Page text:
Eric Standridge is a freelance writer with an interest in history. His main focus is writing about Oklahoma.
Tulsa Landmarks: 12 Places to Visit In Tulsa
While there are hundreds of Tulsa Landmarks that could be included on this page, only the best have been listed. With a wealth of history and a past full of extraordinary men, Tulsa was destined to be a leader among cities. It is one of the few cities across the country that can boast pridefully of it's detailed Art Deco buildings, as well as being formerly known as "The Oil Capitol of the World." Tulsa offers everything from the extraordinary to the bizarre.
If you're in the mood for more must see Tulsa landmarks, be sure to check out the Insiders' Guide to Tulsa. This is one of the best books about Tulsa that exists! Also, if you have your own Tulsa attraction that you've been to and want to share, please leave a comment in the comment box below.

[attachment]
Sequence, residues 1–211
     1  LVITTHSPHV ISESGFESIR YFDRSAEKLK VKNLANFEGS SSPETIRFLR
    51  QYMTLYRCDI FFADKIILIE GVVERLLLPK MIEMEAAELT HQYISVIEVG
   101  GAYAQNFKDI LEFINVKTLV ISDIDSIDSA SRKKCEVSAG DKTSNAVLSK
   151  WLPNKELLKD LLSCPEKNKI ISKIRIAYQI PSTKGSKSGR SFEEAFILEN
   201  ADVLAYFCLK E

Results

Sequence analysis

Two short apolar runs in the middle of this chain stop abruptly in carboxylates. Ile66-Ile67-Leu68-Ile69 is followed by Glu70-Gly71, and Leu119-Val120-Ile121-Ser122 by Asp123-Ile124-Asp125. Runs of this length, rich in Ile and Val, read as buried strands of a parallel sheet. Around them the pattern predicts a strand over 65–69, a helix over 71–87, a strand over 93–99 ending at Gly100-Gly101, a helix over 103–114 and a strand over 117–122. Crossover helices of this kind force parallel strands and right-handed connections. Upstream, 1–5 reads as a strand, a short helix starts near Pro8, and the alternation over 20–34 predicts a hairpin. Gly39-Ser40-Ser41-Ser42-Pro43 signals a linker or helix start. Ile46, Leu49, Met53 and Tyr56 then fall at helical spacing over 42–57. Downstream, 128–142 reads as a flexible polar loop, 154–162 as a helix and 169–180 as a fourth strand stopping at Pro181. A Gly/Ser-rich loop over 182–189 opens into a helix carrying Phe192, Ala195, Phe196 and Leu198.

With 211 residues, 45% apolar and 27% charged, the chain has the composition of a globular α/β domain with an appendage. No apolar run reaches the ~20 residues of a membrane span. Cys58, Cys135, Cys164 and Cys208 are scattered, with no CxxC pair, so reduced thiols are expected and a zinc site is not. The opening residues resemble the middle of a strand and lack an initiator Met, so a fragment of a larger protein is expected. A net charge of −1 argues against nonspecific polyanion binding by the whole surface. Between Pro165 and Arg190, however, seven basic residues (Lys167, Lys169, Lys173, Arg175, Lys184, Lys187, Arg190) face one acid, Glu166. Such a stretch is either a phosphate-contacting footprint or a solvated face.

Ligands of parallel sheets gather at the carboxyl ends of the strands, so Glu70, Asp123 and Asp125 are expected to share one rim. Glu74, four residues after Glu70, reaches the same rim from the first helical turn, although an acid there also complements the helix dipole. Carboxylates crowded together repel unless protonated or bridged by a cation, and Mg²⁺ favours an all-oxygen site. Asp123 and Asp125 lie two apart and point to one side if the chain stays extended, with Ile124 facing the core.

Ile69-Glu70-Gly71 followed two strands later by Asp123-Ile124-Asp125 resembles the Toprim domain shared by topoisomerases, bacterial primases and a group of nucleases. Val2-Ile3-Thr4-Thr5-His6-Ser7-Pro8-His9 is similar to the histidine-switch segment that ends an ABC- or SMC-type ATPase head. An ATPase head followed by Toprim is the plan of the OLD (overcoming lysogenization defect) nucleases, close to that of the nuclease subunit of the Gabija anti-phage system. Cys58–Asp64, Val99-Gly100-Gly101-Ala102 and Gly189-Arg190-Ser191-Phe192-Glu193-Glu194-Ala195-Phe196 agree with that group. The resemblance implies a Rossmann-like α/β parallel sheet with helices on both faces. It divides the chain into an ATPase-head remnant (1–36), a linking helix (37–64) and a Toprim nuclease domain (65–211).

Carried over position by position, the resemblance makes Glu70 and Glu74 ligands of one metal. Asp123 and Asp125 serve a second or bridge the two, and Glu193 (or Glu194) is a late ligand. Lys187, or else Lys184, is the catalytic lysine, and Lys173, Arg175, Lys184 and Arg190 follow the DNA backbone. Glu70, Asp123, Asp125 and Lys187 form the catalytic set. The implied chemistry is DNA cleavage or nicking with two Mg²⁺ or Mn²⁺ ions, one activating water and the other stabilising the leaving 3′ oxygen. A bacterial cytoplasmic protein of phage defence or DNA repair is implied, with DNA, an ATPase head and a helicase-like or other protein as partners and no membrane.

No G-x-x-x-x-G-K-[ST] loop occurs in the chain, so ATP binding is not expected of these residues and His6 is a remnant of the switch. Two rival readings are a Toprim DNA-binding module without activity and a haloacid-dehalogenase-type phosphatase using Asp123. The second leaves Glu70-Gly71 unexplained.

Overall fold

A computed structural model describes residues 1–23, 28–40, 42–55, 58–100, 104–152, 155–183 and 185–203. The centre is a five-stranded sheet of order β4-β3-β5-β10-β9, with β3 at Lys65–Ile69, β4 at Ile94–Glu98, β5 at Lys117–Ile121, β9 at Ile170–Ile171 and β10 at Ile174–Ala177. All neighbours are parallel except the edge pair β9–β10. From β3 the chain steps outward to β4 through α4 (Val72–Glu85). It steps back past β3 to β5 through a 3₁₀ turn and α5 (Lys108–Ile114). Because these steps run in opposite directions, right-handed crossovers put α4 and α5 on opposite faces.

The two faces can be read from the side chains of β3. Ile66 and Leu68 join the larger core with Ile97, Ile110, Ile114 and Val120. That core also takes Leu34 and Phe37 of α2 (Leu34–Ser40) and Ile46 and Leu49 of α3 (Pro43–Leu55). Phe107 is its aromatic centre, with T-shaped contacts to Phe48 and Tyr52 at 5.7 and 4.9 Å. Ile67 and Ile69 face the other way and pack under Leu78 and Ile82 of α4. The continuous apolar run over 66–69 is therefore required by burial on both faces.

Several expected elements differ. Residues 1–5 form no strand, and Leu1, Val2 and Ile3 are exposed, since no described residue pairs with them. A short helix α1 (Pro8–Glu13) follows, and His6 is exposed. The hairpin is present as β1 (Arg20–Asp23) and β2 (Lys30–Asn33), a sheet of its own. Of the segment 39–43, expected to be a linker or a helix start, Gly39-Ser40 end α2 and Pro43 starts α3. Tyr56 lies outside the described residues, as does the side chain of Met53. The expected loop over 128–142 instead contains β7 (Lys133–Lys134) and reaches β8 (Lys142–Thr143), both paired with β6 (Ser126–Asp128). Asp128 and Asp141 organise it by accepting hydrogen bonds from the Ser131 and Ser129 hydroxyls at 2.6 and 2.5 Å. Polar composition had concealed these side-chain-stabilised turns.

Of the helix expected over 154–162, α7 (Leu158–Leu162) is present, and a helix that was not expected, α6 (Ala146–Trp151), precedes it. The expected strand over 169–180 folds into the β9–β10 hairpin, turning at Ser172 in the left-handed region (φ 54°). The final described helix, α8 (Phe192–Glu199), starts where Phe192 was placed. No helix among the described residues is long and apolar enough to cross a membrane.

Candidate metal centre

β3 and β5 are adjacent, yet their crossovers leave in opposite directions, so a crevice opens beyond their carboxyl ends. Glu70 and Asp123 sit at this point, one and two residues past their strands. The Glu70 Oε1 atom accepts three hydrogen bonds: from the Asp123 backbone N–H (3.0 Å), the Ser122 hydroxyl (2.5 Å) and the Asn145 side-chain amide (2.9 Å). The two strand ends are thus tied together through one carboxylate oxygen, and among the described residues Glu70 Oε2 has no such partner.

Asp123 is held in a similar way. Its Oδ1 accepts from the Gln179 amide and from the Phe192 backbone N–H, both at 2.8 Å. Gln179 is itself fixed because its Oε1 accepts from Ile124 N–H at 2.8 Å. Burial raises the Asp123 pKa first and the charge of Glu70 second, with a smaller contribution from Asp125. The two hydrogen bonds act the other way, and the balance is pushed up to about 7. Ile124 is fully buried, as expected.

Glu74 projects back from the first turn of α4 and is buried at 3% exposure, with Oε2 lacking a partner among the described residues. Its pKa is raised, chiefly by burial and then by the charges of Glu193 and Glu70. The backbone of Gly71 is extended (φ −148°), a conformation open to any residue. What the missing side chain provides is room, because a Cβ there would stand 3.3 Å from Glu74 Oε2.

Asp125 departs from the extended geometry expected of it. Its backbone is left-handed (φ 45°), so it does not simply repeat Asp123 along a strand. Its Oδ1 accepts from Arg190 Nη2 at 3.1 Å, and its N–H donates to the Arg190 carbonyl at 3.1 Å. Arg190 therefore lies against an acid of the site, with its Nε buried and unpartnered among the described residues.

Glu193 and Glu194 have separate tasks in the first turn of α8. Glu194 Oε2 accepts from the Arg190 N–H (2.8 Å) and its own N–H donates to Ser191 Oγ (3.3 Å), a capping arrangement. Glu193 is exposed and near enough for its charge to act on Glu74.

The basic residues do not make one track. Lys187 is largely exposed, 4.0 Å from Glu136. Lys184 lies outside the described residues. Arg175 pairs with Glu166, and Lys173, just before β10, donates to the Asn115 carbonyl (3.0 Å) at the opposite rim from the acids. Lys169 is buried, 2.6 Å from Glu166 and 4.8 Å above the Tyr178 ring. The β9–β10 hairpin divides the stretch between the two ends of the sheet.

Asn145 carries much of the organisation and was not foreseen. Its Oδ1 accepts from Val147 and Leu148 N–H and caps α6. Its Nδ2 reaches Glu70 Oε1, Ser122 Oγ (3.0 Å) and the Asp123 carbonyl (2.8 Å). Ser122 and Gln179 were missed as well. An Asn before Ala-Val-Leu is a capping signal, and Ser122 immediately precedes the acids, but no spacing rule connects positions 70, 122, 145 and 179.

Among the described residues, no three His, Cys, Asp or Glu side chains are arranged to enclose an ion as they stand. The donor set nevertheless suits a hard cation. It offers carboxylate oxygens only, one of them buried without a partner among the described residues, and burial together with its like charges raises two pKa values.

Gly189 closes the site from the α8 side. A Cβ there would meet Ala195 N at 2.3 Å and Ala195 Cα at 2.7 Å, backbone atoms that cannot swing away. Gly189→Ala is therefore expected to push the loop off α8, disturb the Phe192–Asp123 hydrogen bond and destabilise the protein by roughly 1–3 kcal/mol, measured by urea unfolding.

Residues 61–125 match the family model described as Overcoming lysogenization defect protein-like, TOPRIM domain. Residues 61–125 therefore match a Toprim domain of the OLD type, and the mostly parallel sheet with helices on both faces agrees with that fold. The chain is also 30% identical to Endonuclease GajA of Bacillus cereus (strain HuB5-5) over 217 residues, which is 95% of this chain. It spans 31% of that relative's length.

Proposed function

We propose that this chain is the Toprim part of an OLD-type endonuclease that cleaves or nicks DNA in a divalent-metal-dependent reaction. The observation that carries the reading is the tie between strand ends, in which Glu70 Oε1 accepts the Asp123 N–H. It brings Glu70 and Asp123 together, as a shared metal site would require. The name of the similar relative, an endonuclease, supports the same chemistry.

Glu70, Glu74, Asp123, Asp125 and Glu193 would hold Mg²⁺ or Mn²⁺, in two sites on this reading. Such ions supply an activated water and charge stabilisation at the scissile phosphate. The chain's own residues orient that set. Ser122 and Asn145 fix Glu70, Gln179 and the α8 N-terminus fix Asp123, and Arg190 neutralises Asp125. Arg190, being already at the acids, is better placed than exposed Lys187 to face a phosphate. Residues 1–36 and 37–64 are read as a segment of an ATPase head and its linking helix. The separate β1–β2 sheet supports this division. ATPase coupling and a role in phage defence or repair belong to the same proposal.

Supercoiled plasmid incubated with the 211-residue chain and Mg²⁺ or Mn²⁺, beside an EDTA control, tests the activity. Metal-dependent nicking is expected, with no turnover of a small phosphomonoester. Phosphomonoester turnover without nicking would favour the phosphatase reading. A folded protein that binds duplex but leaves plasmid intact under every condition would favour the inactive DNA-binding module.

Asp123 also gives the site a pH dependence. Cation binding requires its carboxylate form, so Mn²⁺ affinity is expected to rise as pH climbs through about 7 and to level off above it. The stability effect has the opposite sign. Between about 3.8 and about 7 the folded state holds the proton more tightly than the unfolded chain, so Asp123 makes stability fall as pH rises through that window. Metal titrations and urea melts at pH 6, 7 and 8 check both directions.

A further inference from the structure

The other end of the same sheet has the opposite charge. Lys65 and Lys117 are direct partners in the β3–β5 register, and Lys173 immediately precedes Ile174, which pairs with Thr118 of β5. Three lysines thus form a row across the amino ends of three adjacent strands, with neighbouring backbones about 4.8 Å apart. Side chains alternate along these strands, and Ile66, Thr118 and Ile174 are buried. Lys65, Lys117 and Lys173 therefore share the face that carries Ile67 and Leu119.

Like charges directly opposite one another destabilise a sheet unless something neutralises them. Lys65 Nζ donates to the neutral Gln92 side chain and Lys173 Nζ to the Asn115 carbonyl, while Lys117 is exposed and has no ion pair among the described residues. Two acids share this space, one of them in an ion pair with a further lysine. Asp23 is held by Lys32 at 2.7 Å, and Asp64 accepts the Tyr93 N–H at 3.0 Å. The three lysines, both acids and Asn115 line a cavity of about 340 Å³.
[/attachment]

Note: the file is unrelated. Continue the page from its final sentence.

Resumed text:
The Center of the Universe and the Artificial Cloud sculpture
The Artificial Cloud Sculpture is an odd sculpture created by artist Bob Haozous in 1991 and installed the following year. The Artificial Cloud sculpture stands 72.5 foot tall, and is one of the most detailed and well known sculpture in Tulsa. When asked about the meaning behind the sculpture, Haozous stated it is "...a statement about technology; the cloud stands at the top, symbolizing a threatened hope." When asked about the construction, he then went on to state, "Because the structure was welded together with mild steel, it is meant to corrode, depending on the level of pollutants in the environment."